• Buy an entirely new motherboard (probably from a model that did not include the more powerful--and heat using--graphics chip. so as to avoid the issues with the model which I currently have in pieces. Because of the symptoms, there is also the great probability that I will have to replace the CPU also. this would cost around $200 presuming that I would need to replace both the motherboard and CPU.
  • Sell the parts, and look into other ways of making a screen tablet.
  • Convert the screen into a cintiq-like device for the desktop.

Since the only parts left working are the screen/tablet, keyboard, and trackpad, The only real reason why I would want to invest any more in this laptop (considering how much of a hassle it's been already) would be to use it's tablet features. I have not removed the screen from it's casing because it was not required to remove the motherboard, so I cannot tell you if there are any wacom chips inside. I can however show that there are no wacom chips on the motherboard, nor was there a  daughterboard with wacom chips on it.


* Motherboard.resized.JPG (127.26 KB. 640x768 - viewed 409 times.)


There were two cables coming out of the display half of the laptop (as to be expected), along with the antenna wires. here is where they connected.


* CloseupSockets.resized.JPG (99.23 KB. 1024x681 - viewed 382 times.)


* SideSocket.resized.JPG (88.96 KB. 1024x681 - viewed 369 times.)


I did not bother to count the number of pins on the white connector. seeing as it says "lcd" next to it on the motherboard, I guessed it is the display cable.


* CloseupVideo.resized.JPG (68.92 KB. 785x768 - viewed 350 times.)


The black connector (which I believe to be the tablet cable) on the motherboard has the text "DIG/SW/FCYFS I/F", and has 41 receiving pins, in two rows so that one of the rows has one more than the other row.


* CloseupConnector.resized.JPG (80.91 KB. 960x768 - viewed 363 times.)


* TopConnector.resized.JPG (41.48 KB. 1024x358 - viewed 390 times.)


While I do not know the actual pen out, here is a diagram of the pins on the cable:

Code:

legend: o = no connection; # = connection;
   _________________________________________
  / o # # # # # # # # o # # # # o o # # # o \
 / o o # # # # # # # o # # # # # o # # # o o \
+++++++++++++++++++++++++++++++++++++++++++++++

That is: a group of Eight, a group of Seven, a group of five, a group of four, and two groups of three, for a total of 30 connected pins out of 41 (11 unused).

Now for some questions:

  • Which of the choices in the previous bulleted list would you choose if you where in my shoes?
  • If I was to try to mess with the cable to figure out it's pin out, how would I know which pin is power?
  • What kind of connector is this, and how should I connect to it?

Thanks for listening, I hope we can get something out of this.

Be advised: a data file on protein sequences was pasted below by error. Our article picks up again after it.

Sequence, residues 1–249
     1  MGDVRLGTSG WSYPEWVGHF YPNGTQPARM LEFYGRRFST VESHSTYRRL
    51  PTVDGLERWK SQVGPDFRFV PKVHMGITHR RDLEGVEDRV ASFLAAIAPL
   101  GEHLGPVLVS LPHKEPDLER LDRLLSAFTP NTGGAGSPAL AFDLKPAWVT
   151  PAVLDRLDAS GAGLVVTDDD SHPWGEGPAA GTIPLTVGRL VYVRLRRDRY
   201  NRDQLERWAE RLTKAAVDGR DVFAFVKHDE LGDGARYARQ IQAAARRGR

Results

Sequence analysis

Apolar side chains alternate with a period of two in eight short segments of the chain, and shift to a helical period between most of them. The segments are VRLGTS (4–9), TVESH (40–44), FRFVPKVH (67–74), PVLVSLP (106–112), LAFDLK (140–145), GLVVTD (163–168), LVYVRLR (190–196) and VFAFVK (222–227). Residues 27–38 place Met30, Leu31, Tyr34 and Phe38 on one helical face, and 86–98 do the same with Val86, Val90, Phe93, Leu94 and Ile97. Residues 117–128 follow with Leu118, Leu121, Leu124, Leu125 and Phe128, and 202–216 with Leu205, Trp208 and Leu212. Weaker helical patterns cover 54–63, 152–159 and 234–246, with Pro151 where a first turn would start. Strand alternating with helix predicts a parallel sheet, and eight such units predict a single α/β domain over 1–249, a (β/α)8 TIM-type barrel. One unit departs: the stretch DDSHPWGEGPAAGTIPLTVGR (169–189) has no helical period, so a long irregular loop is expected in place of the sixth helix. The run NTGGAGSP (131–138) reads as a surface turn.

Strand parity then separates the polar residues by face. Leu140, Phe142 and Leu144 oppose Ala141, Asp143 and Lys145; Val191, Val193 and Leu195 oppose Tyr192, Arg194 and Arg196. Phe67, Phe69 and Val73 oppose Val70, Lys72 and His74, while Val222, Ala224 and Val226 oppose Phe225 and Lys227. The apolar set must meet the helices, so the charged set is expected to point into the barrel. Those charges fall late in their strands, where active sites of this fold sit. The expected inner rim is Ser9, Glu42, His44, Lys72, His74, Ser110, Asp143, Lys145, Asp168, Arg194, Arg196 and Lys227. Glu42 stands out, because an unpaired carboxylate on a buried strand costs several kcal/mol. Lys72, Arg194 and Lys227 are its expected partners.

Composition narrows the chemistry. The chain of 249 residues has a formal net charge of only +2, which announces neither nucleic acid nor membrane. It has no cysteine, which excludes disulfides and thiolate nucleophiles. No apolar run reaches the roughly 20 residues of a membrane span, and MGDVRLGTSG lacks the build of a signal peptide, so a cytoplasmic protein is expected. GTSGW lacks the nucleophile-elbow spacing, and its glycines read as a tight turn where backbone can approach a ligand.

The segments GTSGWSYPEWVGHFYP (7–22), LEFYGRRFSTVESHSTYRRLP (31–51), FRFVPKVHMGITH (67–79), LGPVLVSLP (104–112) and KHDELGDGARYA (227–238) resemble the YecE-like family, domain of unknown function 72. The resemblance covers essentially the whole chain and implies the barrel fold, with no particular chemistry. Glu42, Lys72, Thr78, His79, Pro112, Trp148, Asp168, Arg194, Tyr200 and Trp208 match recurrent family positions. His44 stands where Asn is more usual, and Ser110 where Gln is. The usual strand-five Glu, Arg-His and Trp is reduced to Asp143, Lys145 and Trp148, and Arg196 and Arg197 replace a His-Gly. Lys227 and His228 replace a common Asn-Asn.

1For those of you interested in this sort of thing, the two ways of doing this that I found were Maxivista (for Windows), and XDMX (for linux). Unfortunately, I never got either of them working the way I would have liked to have.

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bernard
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« Reply #21 on: July 27, 2010, 09:59:11 PM »

So you are unsure it is a Wacom.  Does it say "Penenabled" ?  (Or can you find a mention of Penenabled for the M7 on the internet?).  The pen has no battery in it, right?  What does the pen look like?  Do you remember if you could "hover" your pen without touching the screen? (you could not if the screen was a simple resitive/capacitive touch screen, and in that case, the pen is often just a piece of plastic without buttons).

For reusing it as a tablet -- the biggest issue is to drive the digitizer. AFAIK, there is no standard connectors for this type of stuff. There is a remote possibility that it matches the Wacom OEM SDK kit -- but I could not get my hands on one (or have somebody get one and take close pictures of it) to know.  In short, nobody (I know) was able to make it work. The **theory** is that it is a plain "serial" connection and with simple electronics you could hook it up to a serial port. But then you would need to tweak the TabletPC driver software to make it "read" from that port.

AFAIK, no magic recipe exists so far to make it work.

I am really interested to see how such a thing could be done because that means we could leverage a lot of dead components out there to make slick DIY Cintiqs.  I say slick because the sensor board on these things have very small "borders" around the active area and are *meant* to be used behind a LCD.
« Last Edit: July 28, 2010, 04:43:28 AM by bernard » Logged
UnderSampled
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« Reply #22 on: July 27, 2010, 10:07:58 PM »

I am quite sure that it is a penabled tablet. I posted these pictures so that you could have this half of the puzzle. If there is anything else I can do to help on the effor of getting this type of tablet working, feel free to ask.
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bernard